When painting roads, a useful elevated temperature to which to heat the paint of the invention for application of it generally falls within the range 150° F-300° F. If a paint were of a nature such that it were applicable at temperatures below 150° F., it would dry too slowly and perhaps soften after application on the roadway, especially on roadways that are in a region of hot climate. On the other hand, if a paint were not sufficiently fluid at temperatures below 300° F, there would be less likelihood that the paint would thoroughly wet and adhere to the road before it congealed. Also, higher temperatures of application, e.g. 400° or 500° F, which can be appropriate when painting substrates other than roadways, sometimes require complicated equipment and procedures in application.
The most suitable temperature within the range of 150° F to 300° F for application of the paint to a road will vary with the particular paint formulation and the road and the ambient temperature. One preferred road paint of this invention is converted into a substantially homogeneous liquid mixture of modifying material and paint vehicle at elevated temperatures as low as 180° F, and is typically applied when at a temperature between 200° F and 250° F. So that such a paint will not congeal before it sufficiently wets the road, it should preferably not be applied to roads that are at a temperature below about 40°-50° F. On the other hand, the temperature of the road should be substantially less, that is, about 50°-100° F less, than the application temperature of the paint, and at least about 30°-50° F less than the lowest elevated temperature at which the paint forms a substantially homogeneous liquid mixture or blend, in order to achieve fast drying.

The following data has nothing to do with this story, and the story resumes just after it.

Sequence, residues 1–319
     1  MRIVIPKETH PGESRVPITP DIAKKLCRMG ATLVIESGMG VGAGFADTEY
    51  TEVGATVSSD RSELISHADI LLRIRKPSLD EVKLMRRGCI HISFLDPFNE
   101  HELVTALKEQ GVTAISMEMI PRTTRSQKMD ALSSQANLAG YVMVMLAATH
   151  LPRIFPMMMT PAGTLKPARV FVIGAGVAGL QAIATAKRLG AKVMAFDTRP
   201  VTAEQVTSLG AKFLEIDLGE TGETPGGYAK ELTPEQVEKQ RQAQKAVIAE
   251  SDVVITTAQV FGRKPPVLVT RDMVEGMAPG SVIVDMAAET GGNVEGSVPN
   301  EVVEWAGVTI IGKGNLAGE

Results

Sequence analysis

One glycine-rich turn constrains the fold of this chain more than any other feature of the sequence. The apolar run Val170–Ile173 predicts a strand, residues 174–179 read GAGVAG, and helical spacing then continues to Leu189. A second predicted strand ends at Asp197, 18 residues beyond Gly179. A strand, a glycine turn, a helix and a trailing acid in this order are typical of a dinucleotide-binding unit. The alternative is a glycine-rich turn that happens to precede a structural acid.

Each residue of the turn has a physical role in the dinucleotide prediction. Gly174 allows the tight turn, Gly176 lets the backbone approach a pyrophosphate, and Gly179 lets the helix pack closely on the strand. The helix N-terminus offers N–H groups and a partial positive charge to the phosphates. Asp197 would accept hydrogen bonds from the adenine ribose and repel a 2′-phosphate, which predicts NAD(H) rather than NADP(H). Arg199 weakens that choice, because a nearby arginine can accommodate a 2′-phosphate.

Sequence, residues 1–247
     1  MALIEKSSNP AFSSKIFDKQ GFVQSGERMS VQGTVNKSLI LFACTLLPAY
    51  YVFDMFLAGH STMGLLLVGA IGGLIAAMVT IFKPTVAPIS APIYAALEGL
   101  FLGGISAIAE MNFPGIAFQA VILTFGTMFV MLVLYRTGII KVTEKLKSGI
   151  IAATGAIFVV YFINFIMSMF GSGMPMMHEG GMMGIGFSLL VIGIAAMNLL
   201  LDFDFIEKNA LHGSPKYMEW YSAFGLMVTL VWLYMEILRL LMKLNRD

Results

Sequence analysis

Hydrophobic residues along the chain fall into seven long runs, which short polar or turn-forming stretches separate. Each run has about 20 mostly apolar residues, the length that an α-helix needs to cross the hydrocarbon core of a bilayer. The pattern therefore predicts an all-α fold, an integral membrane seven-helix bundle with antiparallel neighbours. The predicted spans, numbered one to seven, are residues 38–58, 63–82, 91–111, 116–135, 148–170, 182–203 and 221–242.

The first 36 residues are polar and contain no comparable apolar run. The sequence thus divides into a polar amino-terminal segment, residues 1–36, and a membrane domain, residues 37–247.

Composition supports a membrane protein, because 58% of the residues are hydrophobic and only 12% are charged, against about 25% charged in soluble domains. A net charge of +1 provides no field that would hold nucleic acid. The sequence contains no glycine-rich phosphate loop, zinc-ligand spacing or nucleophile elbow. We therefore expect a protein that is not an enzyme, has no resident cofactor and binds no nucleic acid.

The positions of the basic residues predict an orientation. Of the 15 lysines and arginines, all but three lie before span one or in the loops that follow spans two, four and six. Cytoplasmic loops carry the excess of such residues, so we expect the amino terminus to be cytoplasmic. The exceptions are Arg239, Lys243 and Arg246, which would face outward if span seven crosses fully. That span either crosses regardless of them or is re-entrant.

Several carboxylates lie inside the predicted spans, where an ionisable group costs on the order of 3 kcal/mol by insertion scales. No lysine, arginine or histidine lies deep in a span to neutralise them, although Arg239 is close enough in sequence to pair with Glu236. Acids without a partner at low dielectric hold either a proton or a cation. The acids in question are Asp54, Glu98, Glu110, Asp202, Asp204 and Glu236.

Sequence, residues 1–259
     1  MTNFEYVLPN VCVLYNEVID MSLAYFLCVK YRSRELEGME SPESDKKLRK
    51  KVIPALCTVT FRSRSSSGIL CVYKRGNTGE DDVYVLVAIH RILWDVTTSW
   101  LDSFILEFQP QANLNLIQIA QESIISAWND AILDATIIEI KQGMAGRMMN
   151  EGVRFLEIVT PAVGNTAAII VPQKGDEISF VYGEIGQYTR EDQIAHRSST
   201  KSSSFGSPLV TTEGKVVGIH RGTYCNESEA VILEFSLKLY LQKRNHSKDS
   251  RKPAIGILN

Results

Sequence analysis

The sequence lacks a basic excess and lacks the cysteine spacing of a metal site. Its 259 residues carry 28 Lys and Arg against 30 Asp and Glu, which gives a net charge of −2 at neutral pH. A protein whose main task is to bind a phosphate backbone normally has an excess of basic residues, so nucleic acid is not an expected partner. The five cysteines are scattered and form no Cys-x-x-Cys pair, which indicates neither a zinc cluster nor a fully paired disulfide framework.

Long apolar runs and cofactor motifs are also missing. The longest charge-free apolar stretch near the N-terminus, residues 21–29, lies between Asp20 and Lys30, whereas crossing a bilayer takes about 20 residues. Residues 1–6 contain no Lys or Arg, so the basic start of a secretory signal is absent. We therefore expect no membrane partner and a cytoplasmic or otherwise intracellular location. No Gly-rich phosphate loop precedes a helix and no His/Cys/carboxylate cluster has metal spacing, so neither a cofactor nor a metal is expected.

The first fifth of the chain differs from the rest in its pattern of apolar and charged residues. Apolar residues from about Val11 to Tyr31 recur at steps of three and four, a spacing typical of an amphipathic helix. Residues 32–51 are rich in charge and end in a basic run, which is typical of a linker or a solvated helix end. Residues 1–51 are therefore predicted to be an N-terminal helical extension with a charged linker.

Since wetting of a substrate by a liquid paint is generally associated with adhesion of the dried paint film, road paints of this invention should wet the road well. Adequate adhesion to a road can be predicted by a test in which the paint is first applied to small concrete patio blocks in approximately a 10-mil thickness, and then the congealed film sliced off with a razor blade down to the exterior level of the rather coarse-grained surface of the block. Where the paint has thoroughly wet the block, the open interstices of the slab will be revealed as filled rather uniformly with paint. Where there is insufficient wetting, the paint left in the block after the principal part of the film has been removed will present a rather splotchy pattern at best, with the open interstices for the most part not filled. In general, insufficient adhesion is indicated when less than 50 percent of the coated substrate viewed after slicing off of the principal part of the film is covered by paint.